The prophet Habakkuk was living in such times. He watched in dismay while wickedness ran rampant and justice was perverted. In addition, God told him in no uncertain terms that a ruthless enemy invasion loomed on the horizon. These conditions would lead to economic collapse. Habakkuk described his response to such news in these terms:

I heard and my inward parts trembled, at the sound my lips quivered. Decay enters my bones, and in my place I tremble. Because I must wait quietly for the day of distress, for the people to arise who will invade us. (Habakkuk 3:16)

In the process of his dialogue with God about these issues, Habakkuk was reminded that Yahweh is in control of history. It is God who raises up nations and brings them down. It is God who is moving all things toward His ends and in accordance with His purposes. In the process of telling Habakkuk all these things, God makes a statement that is repeated three times in the New Testament. He tells Habakkuk, “The righteous shall live by his faith.” (Habakkuk 2:4)

Between chapter one and the close of the book in chapter three, a change becomes apparent in the attitude of the prophet. He moves from fear to faith. Habakkuk closes his brief prophecy with one of the highest expressions of faith in all of Scripture. He says:

Though the fig tree should not blossom and there be no fruit on the vines, though the yield of the olive should fail and the fields produce no food, though the flock should be cut off from the fold and there be no cattle in the stalls, yet I will exult in the Lord, I will rejoice in the God of my salvation. The Lord God is my strength, and He has made my feet like hinds feet, and makes me walk on my high places. (Habakkuk 3:17-18)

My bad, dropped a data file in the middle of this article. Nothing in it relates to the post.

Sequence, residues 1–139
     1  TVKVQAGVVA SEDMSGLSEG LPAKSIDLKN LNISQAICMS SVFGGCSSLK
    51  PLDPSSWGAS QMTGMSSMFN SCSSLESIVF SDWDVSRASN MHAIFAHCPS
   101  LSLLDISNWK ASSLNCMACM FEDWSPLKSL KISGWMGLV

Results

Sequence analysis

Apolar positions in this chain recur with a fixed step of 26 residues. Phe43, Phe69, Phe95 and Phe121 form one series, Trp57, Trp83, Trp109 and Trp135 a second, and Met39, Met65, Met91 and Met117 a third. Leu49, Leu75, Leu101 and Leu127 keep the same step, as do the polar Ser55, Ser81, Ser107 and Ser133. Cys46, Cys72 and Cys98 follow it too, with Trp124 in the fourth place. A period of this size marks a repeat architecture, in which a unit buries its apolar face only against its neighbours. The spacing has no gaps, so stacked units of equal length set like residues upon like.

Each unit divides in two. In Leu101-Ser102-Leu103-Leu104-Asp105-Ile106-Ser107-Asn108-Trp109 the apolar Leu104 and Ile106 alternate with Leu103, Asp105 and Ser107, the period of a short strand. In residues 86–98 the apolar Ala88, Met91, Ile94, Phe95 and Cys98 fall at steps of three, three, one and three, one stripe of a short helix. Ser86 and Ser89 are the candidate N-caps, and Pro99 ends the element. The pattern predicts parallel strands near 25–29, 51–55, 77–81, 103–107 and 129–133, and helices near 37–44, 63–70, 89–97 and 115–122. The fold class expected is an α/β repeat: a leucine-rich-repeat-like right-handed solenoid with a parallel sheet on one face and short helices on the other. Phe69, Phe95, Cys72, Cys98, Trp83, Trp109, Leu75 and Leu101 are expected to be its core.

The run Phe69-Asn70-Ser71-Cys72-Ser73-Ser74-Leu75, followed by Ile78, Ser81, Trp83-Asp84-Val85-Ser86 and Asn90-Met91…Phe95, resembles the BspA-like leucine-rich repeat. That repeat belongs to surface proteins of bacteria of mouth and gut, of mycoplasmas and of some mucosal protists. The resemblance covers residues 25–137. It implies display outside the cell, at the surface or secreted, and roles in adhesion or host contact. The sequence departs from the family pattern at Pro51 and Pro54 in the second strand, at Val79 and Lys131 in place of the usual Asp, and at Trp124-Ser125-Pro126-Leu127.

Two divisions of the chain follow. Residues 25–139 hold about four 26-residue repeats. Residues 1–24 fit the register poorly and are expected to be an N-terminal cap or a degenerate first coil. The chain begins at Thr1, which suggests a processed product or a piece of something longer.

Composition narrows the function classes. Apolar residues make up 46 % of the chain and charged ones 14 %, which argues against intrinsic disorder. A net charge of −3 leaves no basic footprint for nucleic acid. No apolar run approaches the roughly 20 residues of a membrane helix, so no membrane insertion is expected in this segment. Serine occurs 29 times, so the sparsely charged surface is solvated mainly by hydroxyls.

In an agricultural economy, this was the equivalent of a stock market crash. Yet, the prophet says that in spite of the economic collapse, he will rejoice and exult in the Lord Who is his salvation. A hind is a female deer which was known for its sure-footedness on the rocky crags of the wilderness. This was an expression of confidence and trust in the Lord in the midst of political and economic turmoil.

Our faith is not in Bernanke, Obama, or McCain. Our faith is not in the oval office. It is not in the halls of congress or the bench of the judiciary. It is not in military might or in the strength of the dollar. Our faith is in the God of our salvation who is with us through times of suffering and loss. When the market plunges, we can still scale the heights because our God reigns. Rejoice in Him!

Thursday, October 16, 2008

The Value of Propositional Truth Claims

I've been reading a collection of essays called Reforming or Conforming? Post-Conservative Evangelicals and the Emerging Church edited by Gary L.W. Johnson and Ronald N. Gleason. It has been a stimulating read to say the least.

In a chapter called Sola Scriptura as an Evangelical Theological Method, John Bolt is discussing the validity of expecting sources other than the Bible to contribute to the task of doing theology. Bolt concludes that there are indeed other sources which contribute to theological method since all truth is God's truth. However, Bolt takes issue with the current postmodern trend to denigrate historic evangelicals for insisting that truth can be stated in universal propositions. He quotes LeRon Shuts who said that the desire of some evangelicals to "capture God in our finite propositions is nothing short of linguistic idolatry."

Bolt responds that evangelicals agree that though we cannot know God absolutely (only God knows Himself perfectly) and though language is always a culturally constructed form of communication, it does not follow that propositions about God are idolatrous. Bolt states: